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Rivers in pre-modern Ireland

Environment and economy

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Victoria L. McAlister

Tower house distributions are strongly correlated with rivers. The function of rivers in pre-modern Ireland is examined in this chapter. This chapter gives an overview of what fresh water supplied to historical populations, and then considers environmental exploitation. Fish weirs and fishponds are both encountered at tower house sites. These were a source of both food and income. The evidence for fish weirs and traps as a preferred method for catching fish is weighed against the tendency for fishponds elsewhere in medieval Europe at high-status sites.

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Movement, transport and communication

Tower houses and waterways

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Victoria L. McAlister

Not only did rivers provide water and food, they were the arteries of pre-modern Ireland’s transport and communication networks. This chapter explains how tower houses were uniquely distributed to control long-distance movement, both by navigable river and by sea. Many tower houses were constructed at communication nodal points or chokepoints, which enabled them to control movement as well as providing an income for occupants. Tower houses are therefore regularly associated with bridges, fords, causeways, ferries and passes.

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The medieval agrarian economy

Lifeblood of the tower house

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Victoria L. McAlister

Medieval Europe was a predominantly agrarian society. Although the extent to which manorialism existed within medieval Ireland has been debated, pre-modern Ireland’s economy was nevertheless dominated by agriculture. This chapter identifies what specific kinds of agriculture occurred at tower houses. The distribution and roles of arable, pastoral and mixed agricultural economies are considered. An underappreciated evidence source for tower house control of the historical agrarian economy are water mills, found here to be a manorial feature often located in conjunction with tower houses.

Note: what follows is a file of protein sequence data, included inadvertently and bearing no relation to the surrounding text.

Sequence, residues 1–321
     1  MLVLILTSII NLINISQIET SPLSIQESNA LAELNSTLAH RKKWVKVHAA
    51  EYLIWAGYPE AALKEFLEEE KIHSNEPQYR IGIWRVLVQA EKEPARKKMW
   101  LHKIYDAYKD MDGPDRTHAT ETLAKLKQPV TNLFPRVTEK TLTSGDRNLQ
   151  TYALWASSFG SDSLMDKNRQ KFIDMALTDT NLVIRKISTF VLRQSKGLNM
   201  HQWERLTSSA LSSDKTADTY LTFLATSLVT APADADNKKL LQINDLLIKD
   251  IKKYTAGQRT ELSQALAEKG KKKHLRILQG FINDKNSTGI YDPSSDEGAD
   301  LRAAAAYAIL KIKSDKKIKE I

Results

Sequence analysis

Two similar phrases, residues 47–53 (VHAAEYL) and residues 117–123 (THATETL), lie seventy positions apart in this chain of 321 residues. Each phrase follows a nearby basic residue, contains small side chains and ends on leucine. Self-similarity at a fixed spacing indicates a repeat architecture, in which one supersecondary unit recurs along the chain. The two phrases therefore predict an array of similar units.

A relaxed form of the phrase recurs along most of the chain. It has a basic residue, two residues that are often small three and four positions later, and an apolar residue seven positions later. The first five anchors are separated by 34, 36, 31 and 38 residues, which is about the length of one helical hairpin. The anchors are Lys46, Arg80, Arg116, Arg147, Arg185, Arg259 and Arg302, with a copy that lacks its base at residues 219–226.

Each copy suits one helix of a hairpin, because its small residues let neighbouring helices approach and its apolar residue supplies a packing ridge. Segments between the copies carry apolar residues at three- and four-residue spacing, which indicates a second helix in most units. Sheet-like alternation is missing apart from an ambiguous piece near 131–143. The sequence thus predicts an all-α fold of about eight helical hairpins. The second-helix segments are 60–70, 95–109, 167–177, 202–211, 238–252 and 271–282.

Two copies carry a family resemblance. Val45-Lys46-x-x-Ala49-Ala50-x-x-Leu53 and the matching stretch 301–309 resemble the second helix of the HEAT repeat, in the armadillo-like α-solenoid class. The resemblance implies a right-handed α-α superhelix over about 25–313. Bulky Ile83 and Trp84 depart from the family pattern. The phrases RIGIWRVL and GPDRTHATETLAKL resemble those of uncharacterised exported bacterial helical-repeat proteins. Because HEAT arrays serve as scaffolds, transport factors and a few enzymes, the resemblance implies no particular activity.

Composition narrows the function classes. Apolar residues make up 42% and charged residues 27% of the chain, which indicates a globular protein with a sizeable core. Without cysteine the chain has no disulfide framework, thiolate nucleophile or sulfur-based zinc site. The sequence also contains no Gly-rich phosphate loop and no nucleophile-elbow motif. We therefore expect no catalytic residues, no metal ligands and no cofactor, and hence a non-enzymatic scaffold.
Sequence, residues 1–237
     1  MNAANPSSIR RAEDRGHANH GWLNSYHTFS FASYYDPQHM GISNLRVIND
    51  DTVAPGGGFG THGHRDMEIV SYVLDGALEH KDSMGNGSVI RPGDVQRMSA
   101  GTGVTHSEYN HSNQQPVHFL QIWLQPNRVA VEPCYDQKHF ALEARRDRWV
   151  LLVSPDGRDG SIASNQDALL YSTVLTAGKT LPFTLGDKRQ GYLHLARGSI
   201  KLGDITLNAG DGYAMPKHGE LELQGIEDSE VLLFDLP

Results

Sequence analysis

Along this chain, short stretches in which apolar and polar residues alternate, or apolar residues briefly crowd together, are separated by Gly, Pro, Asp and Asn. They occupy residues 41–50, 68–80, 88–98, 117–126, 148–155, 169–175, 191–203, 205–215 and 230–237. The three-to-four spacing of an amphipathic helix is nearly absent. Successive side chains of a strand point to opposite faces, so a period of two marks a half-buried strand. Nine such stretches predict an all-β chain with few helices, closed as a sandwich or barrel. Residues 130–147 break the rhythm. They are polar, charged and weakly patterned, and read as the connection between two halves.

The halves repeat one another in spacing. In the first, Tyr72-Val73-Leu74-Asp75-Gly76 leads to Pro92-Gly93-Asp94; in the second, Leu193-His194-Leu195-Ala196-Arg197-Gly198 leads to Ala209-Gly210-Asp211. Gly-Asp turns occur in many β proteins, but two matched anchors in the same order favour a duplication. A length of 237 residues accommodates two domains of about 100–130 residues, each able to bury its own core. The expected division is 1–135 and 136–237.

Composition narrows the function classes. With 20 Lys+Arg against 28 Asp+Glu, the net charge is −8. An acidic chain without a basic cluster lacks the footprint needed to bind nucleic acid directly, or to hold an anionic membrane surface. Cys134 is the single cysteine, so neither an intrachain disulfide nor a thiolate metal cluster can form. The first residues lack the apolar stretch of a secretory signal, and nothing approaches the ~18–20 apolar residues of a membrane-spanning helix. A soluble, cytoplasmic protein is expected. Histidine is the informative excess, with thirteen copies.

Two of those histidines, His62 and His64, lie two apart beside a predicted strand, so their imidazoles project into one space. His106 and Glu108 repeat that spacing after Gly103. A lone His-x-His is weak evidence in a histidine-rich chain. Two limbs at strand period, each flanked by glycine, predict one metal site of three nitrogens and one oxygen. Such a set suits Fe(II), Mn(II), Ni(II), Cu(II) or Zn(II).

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The Irish tower house

Society, economy and environment, c. 1300–1650

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Victoria L. McAlister

Tower houses are the ubiquitous building of pre-modern Ireland. A type of castle, the tower house was constructed c.1350–1650, and extant examples number in the thousands. This book examines the social role of the tower house in late medieval and early modern Ireland. It uses a multidisciplinary methodology to uncover the lived experience of a wide range of people. This enables exploration of the castle’s context, including how it was used as a social tool and in environmental exploitation for economic gain. By challenging traditional interpretations of the Middle Ages we find new evidence for the agency of previously overlooked individuals, and thus a new insight into the transition from medieval to modern. Each chapter in the book builds on the one preceding, to echo the movement of trade good from environmental exploitation to entry into global economic networks, keeping focus on the role of the tower house in facilitating each step. By progressively broadening the scope, the conclusion is reached that the tower house can be used as a medium for analysing the impact of global trends at the local level. It accomplishes this lofty goal by combining archival evidence with archaeological fieldwork and on-site survey to present a fresh perspective on one of the best-known manifestations of Irish archaeology.

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Victoria L. McAlister

The innovative and original contribution made by the tower house to the fields of archaeology and history is assessed. A new methodology is elucidated that combines historical, archaeological, architectural and geographical sources. The introduction likewise locates the book within its wider historiographical context.

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Around the castle wall

The tower house complex and rural settlement

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Victoria L. McAlister